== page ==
Learning curves also help in forecasting how learners should progress through a course on average. We should expect that a certain amount of knowledge will be gained in each lesson of a course. This allows us to design learning strategies that move at an orderly rate that is neither too fast nor too slow for average learners.

So, we can now see why using the concept of learning curves can be advantageous. Let’s go on to see how applying learning curves in an online training course can be done effectively.

Learning Curves in Practice

To see how we can keep learners progressing through their individual learning curves in a positive way and achieve their learning objectives, let’s see how it is done with SC Training (formerly EdApp), a popular LMS. One of the features of SC Training (formerly EdApp) that can help improve your team’s learning experiences is the Brain Boost feature (available upon request only).

The approach to learning takes place through daily quizzes that are intended to help learners improve their critical thinking and retain the information that they have learned and achieve mastery. It uses the concept of spaced repetition to ensure that learners are reminded of prior knowledge they have learned in the past.

Spaced repetition is a technique that uses an algorithm to determine when the best time to review a concept is. It typically reminds a user at increasing intervals after the concept has already been presented. The better the learner is at remembering the concept, the less likely it will appear in spaced repetition learning activities.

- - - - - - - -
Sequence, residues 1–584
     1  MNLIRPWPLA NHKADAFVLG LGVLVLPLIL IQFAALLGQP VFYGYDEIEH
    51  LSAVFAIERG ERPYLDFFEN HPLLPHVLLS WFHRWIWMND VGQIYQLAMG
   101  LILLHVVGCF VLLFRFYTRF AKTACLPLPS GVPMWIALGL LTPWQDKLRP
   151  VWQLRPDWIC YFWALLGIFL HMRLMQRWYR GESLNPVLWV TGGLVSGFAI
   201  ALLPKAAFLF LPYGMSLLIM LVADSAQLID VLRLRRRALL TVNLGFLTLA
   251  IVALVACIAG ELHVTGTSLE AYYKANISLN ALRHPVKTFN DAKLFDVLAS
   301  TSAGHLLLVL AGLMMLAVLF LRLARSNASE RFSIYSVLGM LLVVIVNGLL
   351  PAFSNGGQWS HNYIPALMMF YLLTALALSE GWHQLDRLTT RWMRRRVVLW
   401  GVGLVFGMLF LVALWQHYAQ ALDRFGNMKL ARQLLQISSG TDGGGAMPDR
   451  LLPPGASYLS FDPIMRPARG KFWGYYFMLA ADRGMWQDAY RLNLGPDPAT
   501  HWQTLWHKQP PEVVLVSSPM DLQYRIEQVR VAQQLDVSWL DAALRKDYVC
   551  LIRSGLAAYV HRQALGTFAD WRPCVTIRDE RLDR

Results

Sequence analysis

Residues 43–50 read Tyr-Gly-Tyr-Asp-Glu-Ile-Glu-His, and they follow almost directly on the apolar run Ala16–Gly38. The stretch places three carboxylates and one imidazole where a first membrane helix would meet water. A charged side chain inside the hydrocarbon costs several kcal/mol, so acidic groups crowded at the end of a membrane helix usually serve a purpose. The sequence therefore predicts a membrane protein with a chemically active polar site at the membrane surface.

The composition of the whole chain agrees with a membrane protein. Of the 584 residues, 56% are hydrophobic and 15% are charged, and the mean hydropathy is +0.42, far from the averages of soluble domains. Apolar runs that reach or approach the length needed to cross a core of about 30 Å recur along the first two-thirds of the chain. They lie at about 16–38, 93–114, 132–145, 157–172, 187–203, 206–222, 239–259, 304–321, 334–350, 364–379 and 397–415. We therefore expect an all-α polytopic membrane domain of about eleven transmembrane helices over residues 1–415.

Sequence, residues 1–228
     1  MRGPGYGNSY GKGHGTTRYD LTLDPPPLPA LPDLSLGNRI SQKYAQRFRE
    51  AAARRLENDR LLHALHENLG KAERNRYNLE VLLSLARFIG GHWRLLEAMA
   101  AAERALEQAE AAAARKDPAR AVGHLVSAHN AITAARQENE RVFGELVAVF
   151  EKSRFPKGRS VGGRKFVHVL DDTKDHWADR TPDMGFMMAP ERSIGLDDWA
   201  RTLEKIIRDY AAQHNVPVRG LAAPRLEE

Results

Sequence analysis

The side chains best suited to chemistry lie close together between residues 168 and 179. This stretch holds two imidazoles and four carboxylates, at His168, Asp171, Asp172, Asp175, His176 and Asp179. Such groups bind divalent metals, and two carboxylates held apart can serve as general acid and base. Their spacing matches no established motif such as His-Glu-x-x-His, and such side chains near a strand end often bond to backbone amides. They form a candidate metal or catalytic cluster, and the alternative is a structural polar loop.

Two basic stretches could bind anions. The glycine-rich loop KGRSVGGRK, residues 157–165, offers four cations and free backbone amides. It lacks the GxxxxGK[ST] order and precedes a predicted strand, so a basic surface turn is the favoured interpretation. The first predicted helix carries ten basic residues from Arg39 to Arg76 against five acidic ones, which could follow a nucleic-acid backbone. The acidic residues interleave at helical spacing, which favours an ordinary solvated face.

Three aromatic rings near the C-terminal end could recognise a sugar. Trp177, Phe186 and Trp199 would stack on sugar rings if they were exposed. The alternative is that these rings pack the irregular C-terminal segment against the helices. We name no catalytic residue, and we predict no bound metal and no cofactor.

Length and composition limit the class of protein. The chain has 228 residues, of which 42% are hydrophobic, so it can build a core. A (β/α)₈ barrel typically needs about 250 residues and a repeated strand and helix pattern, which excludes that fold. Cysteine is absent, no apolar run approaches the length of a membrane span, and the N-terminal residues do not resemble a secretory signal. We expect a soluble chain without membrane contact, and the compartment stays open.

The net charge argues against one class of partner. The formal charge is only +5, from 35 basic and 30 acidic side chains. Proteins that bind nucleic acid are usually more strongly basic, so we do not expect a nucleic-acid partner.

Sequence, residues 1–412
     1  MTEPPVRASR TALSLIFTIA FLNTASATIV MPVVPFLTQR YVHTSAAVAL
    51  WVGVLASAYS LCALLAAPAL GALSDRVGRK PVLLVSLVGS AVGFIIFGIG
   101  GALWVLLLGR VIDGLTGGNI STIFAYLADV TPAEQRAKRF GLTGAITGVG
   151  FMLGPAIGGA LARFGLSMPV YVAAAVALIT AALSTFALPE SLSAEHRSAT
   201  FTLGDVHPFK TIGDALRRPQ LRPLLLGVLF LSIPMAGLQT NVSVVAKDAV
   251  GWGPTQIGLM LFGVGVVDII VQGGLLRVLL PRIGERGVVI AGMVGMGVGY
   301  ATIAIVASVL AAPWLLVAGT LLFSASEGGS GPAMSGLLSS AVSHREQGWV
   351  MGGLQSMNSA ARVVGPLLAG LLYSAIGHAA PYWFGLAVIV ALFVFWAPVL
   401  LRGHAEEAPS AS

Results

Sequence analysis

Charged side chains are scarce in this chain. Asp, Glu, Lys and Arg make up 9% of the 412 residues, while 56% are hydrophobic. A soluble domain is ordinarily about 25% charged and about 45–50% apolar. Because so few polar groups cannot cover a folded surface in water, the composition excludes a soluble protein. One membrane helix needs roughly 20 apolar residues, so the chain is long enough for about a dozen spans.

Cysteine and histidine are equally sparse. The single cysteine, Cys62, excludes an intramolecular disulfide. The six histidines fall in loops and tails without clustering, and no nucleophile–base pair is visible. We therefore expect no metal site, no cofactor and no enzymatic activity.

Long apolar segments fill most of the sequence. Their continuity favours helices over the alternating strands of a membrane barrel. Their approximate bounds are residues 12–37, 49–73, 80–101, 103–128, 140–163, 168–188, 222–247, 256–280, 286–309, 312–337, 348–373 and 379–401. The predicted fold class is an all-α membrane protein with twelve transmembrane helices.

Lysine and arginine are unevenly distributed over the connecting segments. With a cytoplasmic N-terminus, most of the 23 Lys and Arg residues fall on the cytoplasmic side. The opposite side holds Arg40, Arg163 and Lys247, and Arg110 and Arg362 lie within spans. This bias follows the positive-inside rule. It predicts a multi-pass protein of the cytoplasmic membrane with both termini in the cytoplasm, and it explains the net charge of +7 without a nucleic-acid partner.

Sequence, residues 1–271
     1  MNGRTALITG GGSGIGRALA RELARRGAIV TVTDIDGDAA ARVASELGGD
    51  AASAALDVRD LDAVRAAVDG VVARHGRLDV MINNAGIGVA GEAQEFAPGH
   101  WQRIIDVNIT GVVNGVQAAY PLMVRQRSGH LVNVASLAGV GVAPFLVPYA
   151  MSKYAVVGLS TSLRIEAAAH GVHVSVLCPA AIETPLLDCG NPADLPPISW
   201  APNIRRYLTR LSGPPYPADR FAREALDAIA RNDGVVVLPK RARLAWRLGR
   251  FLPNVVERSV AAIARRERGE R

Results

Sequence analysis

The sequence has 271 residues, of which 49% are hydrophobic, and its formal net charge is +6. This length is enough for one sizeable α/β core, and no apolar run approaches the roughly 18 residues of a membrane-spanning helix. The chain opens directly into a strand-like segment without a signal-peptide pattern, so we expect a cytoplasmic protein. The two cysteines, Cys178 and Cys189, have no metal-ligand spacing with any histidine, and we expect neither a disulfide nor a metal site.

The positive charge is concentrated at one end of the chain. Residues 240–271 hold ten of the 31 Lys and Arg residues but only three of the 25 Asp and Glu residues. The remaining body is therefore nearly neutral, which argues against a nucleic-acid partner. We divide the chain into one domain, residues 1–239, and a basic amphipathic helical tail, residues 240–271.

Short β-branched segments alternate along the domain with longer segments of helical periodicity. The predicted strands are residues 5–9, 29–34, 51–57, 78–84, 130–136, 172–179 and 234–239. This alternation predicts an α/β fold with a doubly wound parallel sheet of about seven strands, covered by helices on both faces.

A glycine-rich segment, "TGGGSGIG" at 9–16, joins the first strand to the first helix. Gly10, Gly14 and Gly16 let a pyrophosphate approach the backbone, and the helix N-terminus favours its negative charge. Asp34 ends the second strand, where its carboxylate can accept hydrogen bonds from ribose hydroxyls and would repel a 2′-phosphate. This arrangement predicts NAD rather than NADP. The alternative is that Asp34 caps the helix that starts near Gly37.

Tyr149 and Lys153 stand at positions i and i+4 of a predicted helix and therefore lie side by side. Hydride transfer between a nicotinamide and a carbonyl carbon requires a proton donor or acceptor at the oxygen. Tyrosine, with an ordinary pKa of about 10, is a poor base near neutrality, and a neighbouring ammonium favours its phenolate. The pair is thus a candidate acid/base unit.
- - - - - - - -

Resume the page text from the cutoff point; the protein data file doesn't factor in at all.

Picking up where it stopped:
Brain Boost takes the form of a short quiz that takes the same amount of time each day. Its regularity helps move learning from short-term cognition to long-term memory. It also goes along well with the concept of microlearning.

Microlearning makes sure that topics that learners find difficult are repeated more often. That will keep your learners on a steep learning curve with an upward trajectory, instead of on a shallow learning curve upwards slope.

Learning Curve - Microlearning

It also helps keep learners engaged so that they can complete the course. Oftentimes, if a learner encounters a topic that is too difficult, they might drop out of the course. By using microlearning and SC Training (formerly EdApp)’s Brain Boost feature, however, learners will have multiple chances to understand, to remember, and then embed new knowledge into their long-term memory.

With these features, you can see how mapping out your learners’ progress over time can resemble the upward learning curves described in the previous section. That’s why using an LMS like SC Training (formerly EdApp) and a visual tool like learning curves can give you a good insight into how your learners are gaining the essential skills they need to perform their duties.


In this article, we’ve seen what learning curves are all about. We’ve seen how they can be generalized into 4 different patterns, and what each pattern means for different learning-style. We then considered why visualizing the learning process as learning curves can be advantageous in effective learning.

Lastly, we saw an example of an LMS with features that can help aid learners and to teach them in achieving a positive learning curve. By using an LMS like SC Training (formerly EdApp), your learners should never fall behind in their training.


Guest Author Daniel Brown

Daniel Brown is a senior technical editor and writer that has worked in the education and technology sectors for two decades. Their background experience includes curriculum development and course book creation.

Privacy|Terms & Conditions|Security| © SC Training 2024